While his most high-profile player doesn’t think there’s much of a point in playing out the rest of this season, Los Angeles Kings GM Rob Blake believes his team can take some good out of reporting for a training camp and playing out the string in what will ultimately be a pointless exercise when it comes to making the playoffs in 2019-20.
And while it’s clear Blake realizes he has to take one for the team here – the team being the NHL and hockey world – he said there are some positives to be gleaned by the Kings playing out the rest of the season with almost zero hope of competing for a playoff spot, even in an expanded playoff format if that’s the way the NHL decides to go if it’s able to finish the season this summer.
Even though the Kings entered the pause on a seven-game winning streak, they were still hopelessly out of the playoff picture, not so much because they only had 64 points in 70 games, but because they had three teams in their own division or five in the Western Conference to leapfrog in order to make the playoffs. If the league resumes with its hub proposal, qualifying for the playoffs would be next to impossible. Perhaps that’s why Kings defenseman Drew Doughty was so cool on the concept of returning when asked about it a month ago. Blake said there are eight Kings players still in the area, which conceivably would mean that two-thirds of the roster would have to return to L.A, then quarantine for two weeks, hold a mini-training camp and play out the regular season before going into the off-season.
But from his perspective, Blake sees some positives. “I feel the players and the NHL and the union are in the same capacity where they understand the importance of playing these games,” Blake said on a conference call Wednesday. “Does it have anything to do with our standing or us making the playoffs? No. But what it also does is you’re probably going to have an expanded roster and you’re going to carry extra players just because of the situation we’re in. You have the ability for younger guys to get into a training camp, plus a regular-season development. We will find positives by playing those games.”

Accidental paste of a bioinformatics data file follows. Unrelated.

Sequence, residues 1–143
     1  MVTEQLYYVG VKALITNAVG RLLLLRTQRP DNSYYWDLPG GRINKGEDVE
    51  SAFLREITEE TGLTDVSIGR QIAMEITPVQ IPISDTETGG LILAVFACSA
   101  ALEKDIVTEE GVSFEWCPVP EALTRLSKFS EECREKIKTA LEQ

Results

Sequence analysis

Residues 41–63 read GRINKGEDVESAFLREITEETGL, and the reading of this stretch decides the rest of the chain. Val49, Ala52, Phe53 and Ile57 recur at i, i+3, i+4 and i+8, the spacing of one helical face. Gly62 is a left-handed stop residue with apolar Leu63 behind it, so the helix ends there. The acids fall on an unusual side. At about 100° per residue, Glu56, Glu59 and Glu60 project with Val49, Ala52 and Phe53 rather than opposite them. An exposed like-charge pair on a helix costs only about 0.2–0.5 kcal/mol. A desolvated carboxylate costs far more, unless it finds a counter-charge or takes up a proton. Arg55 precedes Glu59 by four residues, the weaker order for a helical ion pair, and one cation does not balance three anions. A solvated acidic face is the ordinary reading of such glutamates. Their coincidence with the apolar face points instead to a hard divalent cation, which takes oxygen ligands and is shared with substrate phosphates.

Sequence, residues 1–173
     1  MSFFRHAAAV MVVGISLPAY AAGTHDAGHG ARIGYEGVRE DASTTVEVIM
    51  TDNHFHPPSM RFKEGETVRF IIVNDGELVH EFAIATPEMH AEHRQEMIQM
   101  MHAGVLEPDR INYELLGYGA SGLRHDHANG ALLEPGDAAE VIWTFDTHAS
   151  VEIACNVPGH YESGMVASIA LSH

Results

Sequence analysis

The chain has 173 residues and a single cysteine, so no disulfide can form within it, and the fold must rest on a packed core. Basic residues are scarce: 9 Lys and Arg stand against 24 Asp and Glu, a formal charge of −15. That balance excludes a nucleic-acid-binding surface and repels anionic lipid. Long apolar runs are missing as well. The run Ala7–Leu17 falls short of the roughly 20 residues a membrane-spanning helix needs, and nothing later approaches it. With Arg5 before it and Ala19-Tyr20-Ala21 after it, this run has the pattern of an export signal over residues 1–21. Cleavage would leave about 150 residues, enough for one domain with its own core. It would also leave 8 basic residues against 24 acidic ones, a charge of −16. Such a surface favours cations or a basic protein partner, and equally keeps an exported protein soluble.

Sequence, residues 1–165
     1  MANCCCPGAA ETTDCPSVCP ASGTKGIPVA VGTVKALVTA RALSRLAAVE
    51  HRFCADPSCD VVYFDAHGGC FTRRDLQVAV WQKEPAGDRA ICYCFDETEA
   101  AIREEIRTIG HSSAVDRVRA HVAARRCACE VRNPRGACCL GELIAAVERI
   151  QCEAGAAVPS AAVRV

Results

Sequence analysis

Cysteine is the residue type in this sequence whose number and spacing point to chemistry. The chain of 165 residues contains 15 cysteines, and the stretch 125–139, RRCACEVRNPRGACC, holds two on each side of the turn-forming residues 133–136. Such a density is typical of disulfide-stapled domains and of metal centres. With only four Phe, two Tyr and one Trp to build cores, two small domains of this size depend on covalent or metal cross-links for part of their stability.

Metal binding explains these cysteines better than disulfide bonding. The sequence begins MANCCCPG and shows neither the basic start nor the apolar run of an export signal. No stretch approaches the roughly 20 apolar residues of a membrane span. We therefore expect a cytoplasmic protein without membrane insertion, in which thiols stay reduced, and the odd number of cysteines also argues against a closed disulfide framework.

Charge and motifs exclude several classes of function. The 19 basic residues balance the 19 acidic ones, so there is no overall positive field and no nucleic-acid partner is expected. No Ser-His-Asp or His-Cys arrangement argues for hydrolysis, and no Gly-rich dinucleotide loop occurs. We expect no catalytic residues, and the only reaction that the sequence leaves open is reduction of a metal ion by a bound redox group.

That would represent some very good news for the likes of defensemen Tobias Bjornfot and Kale Clague, centers Gabe Vilardi and Jaret Anderson-Dolan and left winger Carl Grundstrom, all of whom played for the Kings’ American League affiliate in Ontario this season. Another prospect, center Rasmus Kupari, underwent season-ending knee surgery in January. Even though all of them saw time with the Kings this season, having them around the team and playing in games that are likely meaningful for the opposition would be nothing but good for their development. “That’s our mentality,” Blake said. “They are NHL players and they’re expected to play these games, they’re expected to create that excitement. But as an organization, we’re expecting to get benefits.”
Blake also weighed in on the possibility of the NHL holding its draft in early June rather than after the season finishes. There is talk that just for this year, the league will go back to the old lottery rules, but that won’t negatively or positively affect the Kings’ chances of picking first overall. Under both scenarios, they have a 10 percent chance of winning the lottery and getting the No. 1 overall pick. Where it might hinder them is in their ability to make a trade. Let’s say they were willing to retain salary and give up an asset to trade Dustin Brown, for example. The early draft will prohibit them from doing that.
“That seems to me the biggest concern is the possibility of the different trade scenarios that could happen with the draft post-season,” Blake said. “What we’ve been doing is kind of doing our work and analyzing the two different scenarios – if there’s a June draft or if there’s a draft at the end of a possible season, and going over different things. As far as our team is concerned with the plan, I think we’re quite comfortable with either scenario. The one thing we know is nothing will be status quo.”
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